This Could Be Why the Virgin Galactic Spaceship Crashed
An investigation into the deadly crash of a Virgin Galactic spaceship has found that a function to help the craft descend into the atmosphere was deployed early, a federal safety official said on Sunday, adding pilot error could not be ruled out.
The National Transportation Safety Board (NTSB) is leading the investigation into what caused the spacecraft to crash in California's Mojave Desert during a test flight on Friday, killing one pilot and badly injuring the other.
SpaceShipTwo's rotating tail boom, a key safety feature for re-entering the atmosphere, rotated early, Christopher Hart, acting chairman of the NTSB, said late on Sunday, though he said it was too early to say whether this had caused the crash.
Hart told a news conference that investigators had determined the "feathering" system, which helps it descend into the atmosphere from space, should have been deployed when the vehicle was traveling about 1.4 times the speed of sound.
Instead, the feather began rotating when the rocket-powered vehicle was traveling at Mach 1, he said, using a technical term for the speed of sound at a given altitude.
Hart said the feathering system, which folds the vehicle in half to create more atmospheric drag, was unlocked early by the co-pilot, according to video from the spaceship's cockpit. About two seconds later, the spaceplane's tail section began to fold.
"I'm not stating that this is the cause of the mishap. We have months and months of investigation to determine what the cause was," Hart said.
Asked if the NTSB was considering the possibility of pilot error, Hart said: "We are not ruling anything out. We are looking at all of these issues to determine what was the root cause of this mishap … We are looking at a number of possibilities, including that possibility (of pilot error)."
SpaceShipTwo was released normally from its carrier aircraft, WhiteKnightTwo, at an altitude of about 45,000 feet. Shortly afterwards its hybrid rocket motor, which was flying for the first time with a new plastic propellant, ignited as planned, Hart said.
Investigators also recovered SpaceShipTwo's propellant tanks and engine intact, indicating there was no explosion.
"The engine burn was normal up until the extension of the feathers," Hart told reporters.
SpaceShipTwo was conducting test flights and was not yet certified for commercial operations when the crash occurred, delaying indefinitely the start of passenger service.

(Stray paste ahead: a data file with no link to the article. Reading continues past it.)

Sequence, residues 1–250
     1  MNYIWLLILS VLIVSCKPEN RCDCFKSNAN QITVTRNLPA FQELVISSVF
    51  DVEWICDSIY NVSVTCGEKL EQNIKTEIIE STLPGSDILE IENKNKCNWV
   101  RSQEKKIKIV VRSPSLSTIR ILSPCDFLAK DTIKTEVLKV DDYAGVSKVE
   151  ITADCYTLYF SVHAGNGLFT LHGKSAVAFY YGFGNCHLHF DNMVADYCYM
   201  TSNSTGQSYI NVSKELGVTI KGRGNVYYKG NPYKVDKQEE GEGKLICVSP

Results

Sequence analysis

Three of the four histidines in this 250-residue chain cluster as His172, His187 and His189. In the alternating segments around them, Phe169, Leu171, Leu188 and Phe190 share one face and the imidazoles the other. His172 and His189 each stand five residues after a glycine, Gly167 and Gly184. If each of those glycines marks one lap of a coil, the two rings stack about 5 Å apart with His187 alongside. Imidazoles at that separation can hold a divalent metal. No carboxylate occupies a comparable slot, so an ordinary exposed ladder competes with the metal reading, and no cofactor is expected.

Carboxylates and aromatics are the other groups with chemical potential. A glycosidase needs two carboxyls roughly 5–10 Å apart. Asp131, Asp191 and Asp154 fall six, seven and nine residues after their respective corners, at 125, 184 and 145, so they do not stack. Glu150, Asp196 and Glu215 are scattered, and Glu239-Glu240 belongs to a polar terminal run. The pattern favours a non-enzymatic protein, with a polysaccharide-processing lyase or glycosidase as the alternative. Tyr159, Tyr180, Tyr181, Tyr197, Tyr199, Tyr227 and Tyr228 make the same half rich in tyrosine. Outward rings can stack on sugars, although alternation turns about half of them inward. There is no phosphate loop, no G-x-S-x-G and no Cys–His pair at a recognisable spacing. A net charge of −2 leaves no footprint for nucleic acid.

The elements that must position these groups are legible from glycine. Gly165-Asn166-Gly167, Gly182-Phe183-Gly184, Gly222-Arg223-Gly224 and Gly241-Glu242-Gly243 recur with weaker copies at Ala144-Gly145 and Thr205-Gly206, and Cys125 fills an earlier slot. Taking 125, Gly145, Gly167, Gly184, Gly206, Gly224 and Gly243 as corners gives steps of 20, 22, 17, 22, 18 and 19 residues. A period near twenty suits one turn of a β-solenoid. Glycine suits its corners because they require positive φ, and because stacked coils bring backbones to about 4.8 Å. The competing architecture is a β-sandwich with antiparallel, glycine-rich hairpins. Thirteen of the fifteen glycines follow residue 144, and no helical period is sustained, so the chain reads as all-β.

George Whitesides, the head of the company dedicated to Branson's vision of bringing everyday passengers into space, told the Financial Times the new fuel system used in Virgin's SpaceShipTwo on Friday had been rigorously tested.
Branson and his son plan to fly on the first commercial flight. About 800 people already have paid or put down deposits for the ride, which costs $250,000.
On Saturday Branson vowed to find out what caused his space tourism company's passenger spaceship to crash, but expressed a desire to press on with the dream of commercial space flight.
The two pilots involved were employees of Scaled Composites, a Northrop Grumman Corp subsidiary that designed and built the six-passenger, two-pilot craft for Virgin Galactic.
Michael Alsbury, 39, has been identified as the co-pilot who died. Peter Siebold, the 43-year-old pilot riding in the right-hand seat, parachuted to the ground and was recovering at a nearby hospital, Scaled Composites said in a statement.
"We owe it to our pilots to find out exactly what went wrong," Branson said in Mojave on Saturday. "If we can overcome it, we will make absolutely certain that the dream lives on."
Friday's crash was the second disaster in less than a week suffered by a private space company.
On Tuesday, an Antares rocket built and launched by Orbital Sciences Corp exploded after liftoff from Wallops Island, Virginia, destroying a cargo ship bound for the International Space Station.
Virgin Galactic is a U.S. offshoot of the London-based Virgin Group founded by Branson, whose empire ranges from airlines to music stores and mobiles phones.
(Editing by Gareth Jones)
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